Drone-Like Device Puts White House On Lockdown

May 14, 2015

It’s red and black and not much larger than a brick.

But the unmanned flying device, that looked more like a toy than a drone, was a big enough problem to put the White House, executive mansion and surrounding area on lock down for about an hour while it was checked out.

The small “unmanned aerial vehicle” was spotted flying 100 feet above Lafayette Park at lunchtime Thursday afternoon, according to the U.S. Secret Service. The park is right across the street from the White House.

“An individual was detained by USSS Officers and instructed to land the small UAV,” reads a statement from the Secret Service. “The individual complied and the small UAV was recovered in Lafayette Park.”

Then, as a precaution, the device was swept by police and declared safe. The president was not at the White House at the time.

“The individual was turned over to the custody of the U.S. Park Police,” the statement continues.

There was no word on whether the individual was an adult with bad intentions or a 10-year-old boy with an iPad.

Back in January, a larger “quad-copter” crashed on the White House lawn. In that case, the pilot was a government employee who had been drinking and lost control of the craft.

At around the time the drama was unfolding at the White House Thursday, up on Capitol Hill, the House Committee on Oversight and Government Reform was beginning a hearing into a March incident where a Secret Service agent, who at the end of an evening of drinking, drove into an active suspicious package investigation scene.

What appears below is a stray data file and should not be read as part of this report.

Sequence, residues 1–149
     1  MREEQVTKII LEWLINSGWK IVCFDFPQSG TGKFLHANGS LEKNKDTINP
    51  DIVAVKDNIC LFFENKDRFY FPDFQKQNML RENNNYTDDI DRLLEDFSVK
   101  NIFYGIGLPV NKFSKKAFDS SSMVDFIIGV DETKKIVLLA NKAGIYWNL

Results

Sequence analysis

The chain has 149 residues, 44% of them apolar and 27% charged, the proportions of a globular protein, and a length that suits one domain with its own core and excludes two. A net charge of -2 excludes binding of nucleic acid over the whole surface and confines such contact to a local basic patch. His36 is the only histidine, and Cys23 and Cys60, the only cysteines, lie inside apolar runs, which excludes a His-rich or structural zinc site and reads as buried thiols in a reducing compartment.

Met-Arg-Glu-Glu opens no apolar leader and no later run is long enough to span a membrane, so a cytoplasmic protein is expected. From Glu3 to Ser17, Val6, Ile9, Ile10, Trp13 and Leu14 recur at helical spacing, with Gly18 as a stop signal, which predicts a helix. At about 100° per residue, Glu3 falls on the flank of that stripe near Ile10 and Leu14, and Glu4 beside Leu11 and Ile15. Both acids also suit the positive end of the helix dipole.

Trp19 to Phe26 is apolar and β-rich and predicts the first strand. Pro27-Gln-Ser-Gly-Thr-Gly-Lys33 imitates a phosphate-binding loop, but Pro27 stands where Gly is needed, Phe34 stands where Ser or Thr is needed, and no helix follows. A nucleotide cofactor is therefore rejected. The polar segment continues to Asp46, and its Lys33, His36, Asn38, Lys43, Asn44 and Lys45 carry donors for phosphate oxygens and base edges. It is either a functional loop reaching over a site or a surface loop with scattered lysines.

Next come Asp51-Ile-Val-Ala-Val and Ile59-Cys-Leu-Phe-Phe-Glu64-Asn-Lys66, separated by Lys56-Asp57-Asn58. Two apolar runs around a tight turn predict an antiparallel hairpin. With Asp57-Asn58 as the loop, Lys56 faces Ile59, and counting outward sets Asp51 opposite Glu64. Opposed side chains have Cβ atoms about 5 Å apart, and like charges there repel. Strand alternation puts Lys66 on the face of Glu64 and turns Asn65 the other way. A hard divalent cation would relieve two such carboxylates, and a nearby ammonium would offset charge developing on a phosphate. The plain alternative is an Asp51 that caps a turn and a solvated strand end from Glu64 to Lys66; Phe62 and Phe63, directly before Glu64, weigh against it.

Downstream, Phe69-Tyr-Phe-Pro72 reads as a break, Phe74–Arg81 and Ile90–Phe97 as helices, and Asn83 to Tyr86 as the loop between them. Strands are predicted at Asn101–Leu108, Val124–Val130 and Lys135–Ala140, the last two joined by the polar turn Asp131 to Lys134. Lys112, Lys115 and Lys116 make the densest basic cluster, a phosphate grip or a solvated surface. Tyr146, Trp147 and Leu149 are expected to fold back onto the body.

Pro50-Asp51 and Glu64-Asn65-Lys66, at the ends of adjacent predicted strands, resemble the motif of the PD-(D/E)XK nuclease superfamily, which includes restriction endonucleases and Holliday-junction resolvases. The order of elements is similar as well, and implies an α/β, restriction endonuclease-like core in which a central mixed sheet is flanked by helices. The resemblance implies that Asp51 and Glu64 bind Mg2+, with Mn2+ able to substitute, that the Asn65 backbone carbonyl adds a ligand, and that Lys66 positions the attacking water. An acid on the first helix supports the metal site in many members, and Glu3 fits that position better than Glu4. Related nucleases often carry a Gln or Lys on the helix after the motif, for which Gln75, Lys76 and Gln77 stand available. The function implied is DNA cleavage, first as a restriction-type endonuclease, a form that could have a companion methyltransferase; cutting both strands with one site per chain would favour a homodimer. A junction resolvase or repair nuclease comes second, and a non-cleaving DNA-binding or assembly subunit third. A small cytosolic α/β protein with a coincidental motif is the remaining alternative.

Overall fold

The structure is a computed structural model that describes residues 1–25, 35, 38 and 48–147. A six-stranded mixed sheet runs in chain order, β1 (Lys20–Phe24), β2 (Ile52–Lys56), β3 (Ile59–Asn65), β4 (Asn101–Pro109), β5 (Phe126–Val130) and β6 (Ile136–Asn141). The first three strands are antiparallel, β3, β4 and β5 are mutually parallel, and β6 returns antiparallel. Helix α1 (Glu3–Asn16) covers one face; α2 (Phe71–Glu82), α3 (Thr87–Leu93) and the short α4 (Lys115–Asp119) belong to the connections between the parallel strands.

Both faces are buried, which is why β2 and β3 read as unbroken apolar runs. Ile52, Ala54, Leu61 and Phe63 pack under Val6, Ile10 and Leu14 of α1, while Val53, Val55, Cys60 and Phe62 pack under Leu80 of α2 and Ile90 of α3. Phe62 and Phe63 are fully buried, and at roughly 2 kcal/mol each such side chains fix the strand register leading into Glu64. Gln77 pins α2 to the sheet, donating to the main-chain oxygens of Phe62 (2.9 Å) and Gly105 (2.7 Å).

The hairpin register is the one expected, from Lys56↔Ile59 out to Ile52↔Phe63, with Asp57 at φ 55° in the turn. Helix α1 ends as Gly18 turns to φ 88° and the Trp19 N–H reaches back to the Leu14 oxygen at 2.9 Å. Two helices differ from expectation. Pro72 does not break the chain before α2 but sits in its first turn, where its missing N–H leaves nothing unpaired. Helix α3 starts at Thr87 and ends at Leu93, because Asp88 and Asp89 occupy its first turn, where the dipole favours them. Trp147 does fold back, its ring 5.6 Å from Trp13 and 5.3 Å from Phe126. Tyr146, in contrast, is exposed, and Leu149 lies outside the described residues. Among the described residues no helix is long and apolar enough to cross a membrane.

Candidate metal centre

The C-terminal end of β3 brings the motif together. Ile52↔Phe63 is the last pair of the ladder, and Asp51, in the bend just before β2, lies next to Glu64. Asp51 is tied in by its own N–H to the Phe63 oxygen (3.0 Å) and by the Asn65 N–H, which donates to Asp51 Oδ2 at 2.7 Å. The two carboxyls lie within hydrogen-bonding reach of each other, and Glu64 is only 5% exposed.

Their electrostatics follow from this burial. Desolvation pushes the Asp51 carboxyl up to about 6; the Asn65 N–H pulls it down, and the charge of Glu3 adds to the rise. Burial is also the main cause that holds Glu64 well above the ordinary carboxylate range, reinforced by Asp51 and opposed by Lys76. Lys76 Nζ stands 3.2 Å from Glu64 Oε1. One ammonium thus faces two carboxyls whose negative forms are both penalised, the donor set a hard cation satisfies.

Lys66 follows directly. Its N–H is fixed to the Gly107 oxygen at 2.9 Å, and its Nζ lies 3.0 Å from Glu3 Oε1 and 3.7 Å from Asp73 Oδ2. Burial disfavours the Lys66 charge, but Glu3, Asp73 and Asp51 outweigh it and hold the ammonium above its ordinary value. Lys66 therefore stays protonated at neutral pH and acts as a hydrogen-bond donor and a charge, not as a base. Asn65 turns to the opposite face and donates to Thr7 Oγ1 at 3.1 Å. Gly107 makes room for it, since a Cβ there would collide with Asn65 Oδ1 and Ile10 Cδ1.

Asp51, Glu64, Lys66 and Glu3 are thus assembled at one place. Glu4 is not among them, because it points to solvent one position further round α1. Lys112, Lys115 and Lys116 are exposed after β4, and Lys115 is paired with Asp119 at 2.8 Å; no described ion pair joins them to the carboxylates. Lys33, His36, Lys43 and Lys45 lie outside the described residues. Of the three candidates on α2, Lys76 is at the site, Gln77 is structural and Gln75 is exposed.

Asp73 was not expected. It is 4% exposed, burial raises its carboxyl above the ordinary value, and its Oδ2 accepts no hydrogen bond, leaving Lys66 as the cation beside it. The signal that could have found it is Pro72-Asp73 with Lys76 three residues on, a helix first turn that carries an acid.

Here’s the full inspector general’s report, which includes such gems as a rundown of the agent’s bar tab:

It’s enough to make George Thorogood blush. And this description of the agent driving around a barricade:

In a joint statement the committee’s chairman Jason Chaffetz (R-UT) and ranking member Elijah Cummings (D-MD) said the Secret Service needs a major cultural overhaul:

Having reviewed the IG’s report, we continue to believe that a major cultural overhaul is essential to restoring the Secret Service to its former stature. It is sadly revealing that the watch commander felt it would be a ‘career killer’ for him to administer a field sobriety test to a higher ranking agent, especially given concerns within the agency about potential retaliation for reporting misconduct. These are signs of a dysfunctional environment that must change.

Copyright 2015 NPR. To see more, visit http://www.npr.org/.

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